Philosophy, Anwering three questions(600 words each)

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In Metaphysics Book 1, Aristotle suggested that the followers of Pythagoras and the followers of Plato came up with very similar accounts of the causes of things, and that their accounts had many problems in common. He explained the Pythagorean school of though by elaborating, "they regarded number as both a material and formal principle".


Aristotle believed that these were comparable in the sense, that these were arrangements of convenience, wherein additions or subtractions in the notions could be contrived at a theoretical convenience, just so that a link could be established amongst the theoretical construct originally proposed by them. Aristotle believed that Plato advocated the notion that forms (ideas) cause both existence and generation. On the other hand, Aristotle felt that Pythagoras supported the idea that numbers try to explain the connation of the universe and reality. Both these are significant in the view of Aristotle, since the give way to many theoretical norms that are of practical purpose. Hence, understanding their existence as a whole was deemed crucial by Aristotle. It was on the same notion of viewing their theories as a 'whole' did Aristotle compare them and criticized that both were actually trying to achieve the same goal.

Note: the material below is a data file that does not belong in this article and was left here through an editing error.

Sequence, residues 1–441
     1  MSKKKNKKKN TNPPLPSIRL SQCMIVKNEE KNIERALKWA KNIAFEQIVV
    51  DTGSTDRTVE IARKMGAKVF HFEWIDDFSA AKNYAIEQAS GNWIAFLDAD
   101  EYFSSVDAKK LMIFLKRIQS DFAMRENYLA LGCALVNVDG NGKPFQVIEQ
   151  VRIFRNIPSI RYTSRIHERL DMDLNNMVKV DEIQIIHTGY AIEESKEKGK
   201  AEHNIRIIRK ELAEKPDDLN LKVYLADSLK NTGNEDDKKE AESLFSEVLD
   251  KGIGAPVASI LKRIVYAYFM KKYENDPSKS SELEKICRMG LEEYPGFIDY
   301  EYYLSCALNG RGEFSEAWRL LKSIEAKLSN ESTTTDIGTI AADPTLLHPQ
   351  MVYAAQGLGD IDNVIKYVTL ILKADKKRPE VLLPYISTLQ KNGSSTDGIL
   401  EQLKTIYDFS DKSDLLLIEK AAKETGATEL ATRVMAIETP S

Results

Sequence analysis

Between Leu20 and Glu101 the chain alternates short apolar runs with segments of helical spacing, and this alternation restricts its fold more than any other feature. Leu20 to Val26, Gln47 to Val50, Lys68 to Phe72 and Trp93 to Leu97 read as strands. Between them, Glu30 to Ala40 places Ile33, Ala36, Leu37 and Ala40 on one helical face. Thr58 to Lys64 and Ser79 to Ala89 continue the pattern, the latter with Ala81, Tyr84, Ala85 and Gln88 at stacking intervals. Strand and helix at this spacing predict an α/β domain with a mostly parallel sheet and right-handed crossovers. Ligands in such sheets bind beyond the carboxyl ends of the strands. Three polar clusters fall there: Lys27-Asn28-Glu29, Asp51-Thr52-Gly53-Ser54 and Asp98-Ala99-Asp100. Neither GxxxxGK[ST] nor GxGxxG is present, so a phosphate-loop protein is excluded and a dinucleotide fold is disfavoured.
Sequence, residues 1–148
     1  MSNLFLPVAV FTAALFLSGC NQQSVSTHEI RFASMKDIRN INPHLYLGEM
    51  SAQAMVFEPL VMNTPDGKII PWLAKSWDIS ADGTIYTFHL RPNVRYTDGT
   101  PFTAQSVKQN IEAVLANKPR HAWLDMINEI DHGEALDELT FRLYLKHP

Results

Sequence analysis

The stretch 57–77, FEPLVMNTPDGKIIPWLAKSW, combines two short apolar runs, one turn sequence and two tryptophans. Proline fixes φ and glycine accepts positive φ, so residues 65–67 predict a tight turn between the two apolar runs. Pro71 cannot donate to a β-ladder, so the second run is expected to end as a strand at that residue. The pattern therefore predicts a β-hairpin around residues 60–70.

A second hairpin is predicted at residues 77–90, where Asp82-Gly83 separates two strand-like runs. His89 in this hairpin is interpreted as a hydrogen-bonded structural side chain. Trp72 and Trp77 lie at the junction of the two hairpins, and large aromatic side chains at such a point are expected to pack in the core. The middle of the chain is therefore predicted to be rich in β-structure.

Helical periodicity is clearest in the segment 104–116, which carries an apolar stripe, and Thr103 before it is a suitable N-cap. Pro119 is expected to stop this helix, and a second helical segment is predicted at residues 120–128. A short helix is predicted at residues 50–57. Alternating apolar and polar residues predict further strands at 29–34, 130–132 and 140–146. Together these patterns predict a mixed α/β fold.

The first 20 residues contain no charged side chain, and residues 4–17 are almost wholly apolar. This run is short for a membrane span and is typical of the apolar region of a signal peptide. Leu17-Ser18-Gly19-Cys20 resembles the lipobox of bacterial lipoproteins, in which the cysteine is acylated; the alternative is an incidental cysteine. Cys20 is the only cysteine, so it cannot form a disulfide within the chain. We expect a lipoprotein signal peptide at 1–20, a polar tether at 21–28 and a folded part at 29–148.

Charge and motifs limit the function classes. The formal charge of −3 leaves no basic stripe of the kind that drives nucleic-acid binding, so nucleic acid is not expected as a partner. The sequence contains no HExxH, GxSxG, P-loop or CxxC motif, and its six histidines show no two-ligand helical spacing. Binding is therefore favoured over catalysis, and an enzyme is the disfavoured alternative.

While these criticisms may seem noteworthy, they are not all-encompassing of the specific theories in question. Pythagoreans set put to prove things in a numerical basis, while Platonians contrived the use of ideas to explain concept formation. ...
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